Pravin Anand’s historical fiction, Mumtaz and Taj Mahal, is one of those novels which do not take a lot of one’s time in reading but do provide all sorts of reading pleasure that a mainstream genre – romance or thriller, can deliver. I am saying this because I have read two novels in succession and let me tell you that Pravin’s book is not boring, not slow-moving and not a boring look back into the history thing. He has done his best in presenting the historical love affair between Mumtaz and Shahjahan in an imaginative way, putting the load of his imagination on the shoulders of historical facts only.
The novel runs through 275 pages and has been divided, decisively, into 3 parts and 41 chapters. Yes, the author has certainly taken his creative liberty and gave the novel a shape of history moulded into imaginative fiction which can be read with interest rather than skipped to the important parts only. Pravin Anand, the author of three books and several articles, has tried to further epitomise the monument of love into a love story.
The story of Arjumand Banu becoming Mumtaz Mahal has been further extended into an interesting rendering of historical facts into a very well-balanced fictionalised narrative so that the readers can enjoy as well as re-look at things thay might or might not have studied in their history classes. Pravin has been instrumental in inserting dialogues, managing the speed of the story, inserting breaks and adding further romanticised version and doing many other things that make a plain historical tale a novel. The character of Mumtaz has been extended and, perhaps, has been embellished with the qualities that historical books might not ascribe to her. When the emperor wants to make love to her, she tells him:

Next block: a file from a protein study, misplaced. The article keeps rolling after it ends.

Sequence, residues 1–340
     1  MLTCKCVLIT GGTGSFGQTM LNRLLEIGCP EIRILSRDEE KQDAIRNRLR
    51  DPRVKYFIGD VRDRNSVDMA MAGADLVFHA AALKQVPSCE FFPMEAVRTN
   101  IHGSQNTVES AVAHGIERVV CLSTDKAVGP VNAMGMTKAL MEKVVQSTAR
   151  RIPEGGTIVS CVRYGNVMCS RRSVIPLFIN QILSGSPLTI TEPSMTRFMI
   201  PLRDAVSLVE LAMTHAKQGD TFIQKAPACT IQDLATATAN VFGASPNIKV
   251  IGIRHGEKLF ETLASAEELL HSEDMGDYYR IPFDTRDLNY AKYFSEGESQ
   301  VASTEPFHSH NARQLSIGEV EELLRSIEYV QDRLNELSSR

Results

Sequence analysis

“Anybody can love his wife. But emperor and prince have lots of responsibilities of his people. They have to give most of the time of their day to the people and only a very small proportion to their family.”
While the narrative and the theme of this novel by Pravin are very simple, straightforward and easy to be digested, the readers might have little issues with the language at times. A princely love story might demand a little more sophisticated language at times… Pravin Anand’s language is simple and his motive might have been to connect with the readers who do not come from elite corridors!
And to sum up, Mumtaz and Taj Mahal by Pravin Anand is a story that is suitable for readers who love reading romantic fiction as well as those who just love reading fiction irrespective of genre. This is a simple love story made into a work of literary art which will be a good time-pass for the readers any day! You can get a copy of this book by visiting the Amazon India link below:
review by Manish for Active Reader Book Blog
Mumtaz and Taj Mahal
The book by Pravin Anand is for the readers who want to look into the history with a romantic perspective – the history of Mumtaz and Shahjahan.